|For Immediate Release:
June 6, 2017
Washington D.C. (June 06, 2017)—Today, AcademyHealth announced its 2017 Interest Group Award winners. The awards recognize individuals who have made significant contributions in the health care workforce, gender-based research, and mentorship in health care and health policy. AcademyHealth will honor these recipients at the 2017 Annual Interest Group Meetings on June 25 in New Orleans.
Matthew D. McHugh, Ph.D., J.D., M.P.H., RN, FAAN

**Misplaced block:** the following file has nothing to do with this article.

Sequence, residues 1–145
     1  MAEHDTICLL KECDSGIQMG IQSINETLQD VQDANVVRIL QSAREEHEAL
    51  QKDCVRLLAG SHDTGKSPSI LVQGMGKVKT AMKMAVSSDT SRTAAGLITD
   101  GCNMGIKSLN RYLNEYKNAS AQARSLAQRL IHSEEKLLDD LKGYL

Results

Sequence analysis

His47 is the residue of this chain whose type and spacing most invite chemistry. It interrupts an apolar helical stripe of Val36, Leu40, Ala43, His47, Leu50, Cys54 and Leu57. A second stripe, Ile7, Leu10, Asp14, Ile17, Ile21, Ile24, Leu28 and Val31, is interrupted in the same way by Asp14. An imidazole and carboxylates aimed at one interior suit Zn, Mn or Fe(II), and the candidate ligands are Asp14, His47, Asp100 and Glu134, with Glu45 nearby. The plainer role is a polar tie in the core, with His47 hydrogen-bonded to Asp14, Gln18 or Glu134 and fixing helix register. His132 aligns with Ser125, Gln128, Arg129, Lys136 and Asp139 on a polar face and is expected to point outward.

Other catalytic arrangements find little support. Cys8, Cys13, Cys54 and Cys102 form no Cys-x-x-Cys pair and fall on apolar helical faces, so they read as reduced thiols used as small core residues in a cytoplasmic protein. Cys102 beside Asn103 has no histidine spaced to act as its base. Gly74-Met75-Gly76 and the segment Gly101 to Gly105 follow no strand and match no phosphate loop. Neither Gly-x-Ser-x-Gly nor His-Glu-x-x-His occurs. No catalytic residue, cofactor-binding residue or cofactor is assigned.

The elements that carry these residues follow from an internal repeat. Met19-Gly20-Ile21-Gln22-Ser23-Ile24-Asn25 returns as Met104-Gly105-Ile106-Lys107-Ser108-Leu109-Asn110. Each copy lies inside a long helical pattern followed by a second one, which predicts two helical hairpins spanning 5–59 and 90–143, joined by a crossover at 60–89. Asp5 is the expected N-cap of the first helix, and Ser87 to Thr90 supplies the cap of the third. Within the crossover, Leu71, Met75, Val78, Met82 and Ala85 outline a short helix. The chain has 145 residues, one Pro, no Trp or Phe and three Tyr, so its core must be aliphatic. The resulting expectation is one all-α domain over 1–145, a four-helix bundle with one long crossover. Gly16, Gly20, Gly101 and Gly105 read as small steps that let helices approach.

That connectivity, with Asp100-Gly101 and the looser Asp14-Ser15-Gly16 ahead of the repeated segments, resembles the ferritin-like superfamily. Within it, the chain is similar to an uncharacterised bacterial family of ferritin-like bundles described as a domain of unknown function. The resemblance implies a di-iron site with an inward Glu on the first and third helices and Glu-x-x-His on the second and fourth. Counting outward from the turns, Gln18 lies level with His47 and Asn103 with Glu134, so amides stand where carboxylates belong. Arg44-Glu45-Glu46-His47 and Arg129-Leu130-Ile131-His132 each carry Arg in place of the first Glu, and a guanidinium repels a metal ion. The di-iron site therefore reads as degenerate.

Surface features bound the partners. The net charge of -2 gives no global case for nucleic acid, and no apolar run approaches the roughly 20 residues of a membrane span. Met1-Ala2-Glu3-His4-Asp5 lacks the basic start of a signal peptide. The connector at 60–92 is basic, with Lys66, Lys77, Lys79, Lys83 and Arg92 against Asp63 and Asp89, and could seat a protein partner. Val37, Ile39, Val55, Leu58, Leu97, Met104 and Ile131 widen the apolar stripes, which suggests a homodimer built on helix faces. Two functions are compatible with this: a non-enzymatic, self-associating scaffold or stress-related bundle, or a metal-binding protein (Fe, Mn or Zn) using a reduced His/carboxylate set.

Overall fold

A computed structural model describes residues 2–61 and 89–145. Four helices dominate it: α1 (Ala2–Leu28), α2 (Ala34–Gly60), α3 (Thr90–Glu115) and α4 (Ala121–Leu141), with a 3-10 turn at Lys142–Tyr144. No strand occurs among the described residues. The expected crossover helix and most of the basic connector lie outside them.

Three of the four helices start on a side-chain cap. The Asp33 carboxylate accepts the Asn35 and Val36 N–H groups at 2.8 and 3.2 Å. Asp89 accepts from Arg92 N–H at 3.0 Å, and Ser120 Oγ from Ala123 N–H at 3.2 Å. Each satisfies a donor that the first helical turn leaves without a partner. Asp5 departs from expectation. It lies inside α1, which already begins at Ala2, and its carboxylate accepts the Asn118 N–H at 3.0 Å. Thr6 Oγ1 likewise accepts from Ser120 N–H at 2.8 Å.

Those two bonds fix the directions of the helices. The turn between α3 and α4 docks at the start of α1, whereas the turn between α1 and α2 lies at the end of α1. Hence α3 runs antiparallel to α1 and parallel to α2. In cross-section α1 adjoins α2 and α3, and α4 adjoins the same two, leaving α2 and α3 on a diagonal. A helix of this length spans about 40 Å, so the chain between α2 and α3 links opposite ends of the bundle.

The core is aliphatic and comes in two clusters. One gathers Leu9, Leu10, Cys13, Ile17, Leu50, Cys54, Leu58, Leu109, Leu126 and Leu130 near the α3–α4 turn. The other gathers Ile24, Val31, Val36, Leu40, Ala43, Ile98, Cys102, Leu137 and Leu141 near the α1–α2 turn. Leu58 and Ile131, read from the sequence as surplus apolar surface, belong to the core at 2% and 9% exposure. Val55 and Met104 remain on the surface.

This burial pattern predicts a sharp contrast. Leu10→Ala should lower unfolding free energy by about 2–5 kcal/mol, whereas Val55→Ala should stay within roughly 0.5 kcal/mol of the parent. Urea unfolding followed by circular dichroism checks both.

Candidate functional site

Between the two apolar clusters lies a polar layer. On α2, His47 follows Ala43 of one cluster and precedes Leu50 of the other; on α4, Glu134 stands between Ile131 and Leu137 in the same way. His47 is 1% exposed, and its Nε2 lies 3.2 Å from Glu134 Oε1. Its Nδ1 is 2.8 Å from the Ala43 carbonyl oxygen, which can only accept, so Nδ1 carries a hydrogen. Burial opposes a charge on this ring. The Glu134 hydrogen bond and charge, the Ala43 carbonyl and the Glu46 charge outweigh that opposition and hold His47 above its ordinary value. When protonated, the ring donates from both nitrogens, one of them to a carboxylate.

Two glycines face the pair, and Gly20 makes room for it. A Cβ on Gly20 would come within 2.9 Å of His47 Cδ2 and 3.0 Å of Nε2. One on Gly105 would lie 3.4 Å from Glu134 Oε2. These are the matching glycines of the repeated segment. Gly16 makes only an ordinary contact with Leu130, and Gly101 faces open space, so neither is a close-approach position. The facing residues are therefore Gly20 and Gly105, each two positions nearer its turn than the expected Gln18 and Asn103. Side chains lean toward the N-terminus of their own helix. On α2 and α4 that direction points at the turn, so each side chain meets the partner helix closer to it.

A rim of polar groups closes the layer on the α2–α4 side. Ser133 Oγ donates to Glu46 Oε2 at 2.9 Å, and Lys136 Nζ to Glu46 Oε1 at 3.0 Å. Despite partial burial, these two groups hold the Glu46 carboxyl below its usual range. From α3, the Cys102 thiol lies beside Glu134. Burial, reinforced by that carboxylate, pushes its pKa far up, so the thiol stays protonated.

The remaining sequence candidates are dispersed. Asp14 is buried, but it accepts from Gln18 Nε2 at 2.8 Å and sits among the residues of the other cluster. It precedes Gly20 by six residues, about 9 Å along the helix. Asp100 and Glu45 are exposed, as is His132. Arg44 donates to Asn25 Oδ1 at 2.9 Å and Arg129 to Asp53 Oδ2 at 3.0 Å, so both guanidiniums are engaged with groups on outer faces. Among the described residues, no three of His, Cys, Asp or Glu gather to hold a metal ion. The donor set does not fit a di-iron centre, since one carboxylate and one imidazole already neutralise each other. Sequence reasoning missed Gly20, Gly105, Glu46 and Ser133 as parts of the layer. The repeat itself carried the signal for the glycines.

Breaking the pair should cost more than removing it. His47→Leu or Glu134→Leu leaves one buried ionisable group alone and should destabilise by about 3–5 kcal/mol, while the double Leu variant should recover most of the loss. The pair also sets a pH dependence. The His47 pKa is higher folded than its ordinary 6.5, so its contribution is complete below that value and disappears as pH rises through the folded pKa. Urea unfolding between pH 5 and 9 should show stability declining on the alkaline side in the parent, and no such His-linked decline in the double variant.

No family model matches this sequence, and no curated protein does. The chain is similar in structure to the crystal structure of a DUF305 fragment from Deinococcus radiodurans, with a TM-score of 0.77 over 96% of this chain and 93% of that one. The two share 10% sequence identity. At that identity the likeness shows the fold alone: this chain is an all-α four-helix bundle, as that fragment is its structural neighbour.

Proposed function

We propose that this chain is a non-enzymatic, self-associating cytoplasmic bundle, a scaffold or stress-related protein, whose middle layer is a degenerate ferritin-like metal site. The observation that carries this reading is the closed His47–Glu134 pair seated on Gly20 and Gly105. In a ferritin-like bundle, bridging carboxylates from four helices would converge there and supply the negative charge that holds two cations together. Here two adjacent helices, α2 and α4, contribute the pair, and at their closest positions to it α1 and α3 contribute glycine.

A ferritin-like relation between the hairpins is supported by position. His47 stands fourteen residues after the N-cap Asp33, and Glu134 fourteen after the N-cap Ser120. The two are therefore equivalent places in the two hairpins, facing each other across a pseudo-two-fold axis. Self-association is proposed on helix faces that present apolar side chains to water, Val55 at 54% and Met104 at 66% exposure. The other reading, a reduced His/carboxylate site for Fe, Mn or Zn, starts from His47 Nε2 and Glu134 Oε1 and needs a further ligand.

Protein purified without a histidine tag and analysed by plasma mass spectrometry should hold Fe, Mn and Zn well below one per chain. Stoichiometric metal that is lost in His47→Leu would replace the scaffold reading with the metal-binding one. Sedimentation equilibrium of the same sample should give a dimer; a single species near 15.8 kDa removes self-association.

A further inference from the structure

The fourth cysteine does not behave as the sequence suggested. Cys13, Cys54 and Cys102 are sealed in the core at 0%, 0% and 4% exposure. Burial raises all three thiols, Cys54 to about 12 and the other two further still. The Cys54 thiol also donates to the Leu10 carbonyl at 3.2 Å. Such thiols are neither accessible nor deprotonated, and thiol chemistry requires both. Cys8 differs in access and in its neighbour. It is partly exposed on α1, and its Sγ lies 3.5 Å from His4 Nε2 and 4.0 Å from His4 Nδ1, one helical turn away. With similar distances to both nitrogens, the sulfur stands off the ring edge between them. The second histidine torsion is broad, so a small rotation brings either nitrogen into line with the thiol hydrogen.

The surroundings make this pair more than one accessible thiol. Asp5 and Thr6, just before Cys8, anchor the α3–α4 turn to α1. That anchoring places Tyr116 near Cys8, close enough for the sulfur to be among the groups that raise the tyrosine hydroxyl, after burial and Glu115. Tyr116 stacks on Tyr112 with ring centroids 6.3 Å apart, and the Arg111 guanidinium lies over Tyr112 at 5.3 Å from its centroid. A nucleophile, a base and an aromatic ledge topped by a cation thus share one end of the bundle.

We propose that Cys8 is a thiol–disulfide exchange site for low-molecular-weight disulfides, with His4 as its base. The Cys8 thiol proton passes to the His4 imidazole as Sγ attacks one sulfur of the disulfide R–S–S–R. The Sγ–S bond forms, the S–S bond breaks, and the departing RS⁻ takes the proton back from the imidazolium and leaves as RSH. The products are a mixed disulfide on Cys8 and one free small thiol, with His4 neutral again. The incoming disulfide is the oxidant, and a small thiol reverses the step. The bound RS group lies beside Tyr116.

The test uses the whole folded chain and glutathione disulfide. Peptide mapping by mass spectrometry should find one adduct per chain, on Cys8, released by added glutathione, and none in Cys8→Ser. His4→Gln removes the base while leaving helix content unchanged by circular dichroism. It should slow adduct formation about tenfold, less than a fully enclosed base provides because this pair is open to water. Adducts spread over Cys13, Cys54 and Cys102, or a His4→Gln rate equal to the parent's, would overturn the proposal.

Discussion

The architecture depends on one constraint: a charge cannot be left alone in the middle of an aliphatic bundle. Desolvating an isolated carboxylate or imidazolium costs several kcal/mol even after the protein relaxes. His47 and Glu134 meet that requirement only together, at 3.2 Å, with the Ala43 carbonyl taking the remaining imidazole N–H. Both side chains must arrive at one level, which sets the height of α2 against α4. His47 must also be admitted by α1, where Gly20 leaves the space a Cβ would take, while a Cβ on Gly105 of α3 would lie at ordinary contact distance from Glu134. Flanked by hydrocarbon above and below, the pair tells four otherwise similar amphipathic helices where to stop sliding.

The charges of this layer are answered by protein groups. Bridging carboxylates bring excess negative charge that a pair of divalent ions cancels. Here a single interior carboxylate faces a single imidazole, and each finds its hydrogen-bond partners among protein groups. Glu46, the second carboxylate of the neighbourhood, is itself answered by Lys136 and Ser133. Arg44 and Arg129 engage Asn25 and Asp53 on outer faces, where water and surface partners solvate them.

Matthew D. McHugh, Ph.D., J.D., M.P.H., RN, FAAN, is the Rosemarie Greco Term Endowed Associate Professor in Advocacy at the University of Pennsylvania School of Nursing. Dr. McHugh is the associate director of the Center for Health Outcomes and Policy Research at the University of Pennsylvania where he conducts health outcomes and policy research. His work focuses on how law, policy, and health system reform affect nursing practice and patient outcomes. His work has been consistently funded by various extramural funders including the Agency for Healthcare Research and Quality, National Institute of Nursing Research, National Institutes on Aging, and the Robert Wood Johnson Foundation. He is a 2011 Robert Wood Johnson Foundation nurse faculty scholar, a fellow in the American Academy of Nursing, and a senior fellow at the Leonard Davis Institute of Health Economics. He received his Ph.D. from the University of Pennsylvania, a master of public health degree from the Harvard School of Public Health, and a J.D. from the Northeastern University School of Law. Dr. McHugh was a Fulbright Scholar with the World Health Organization (WHO) Regional Office for Europe in Denmark. He completed a 2-year post-doctoral fellowship in health outcomes and policy research at the University of Pennsylvania.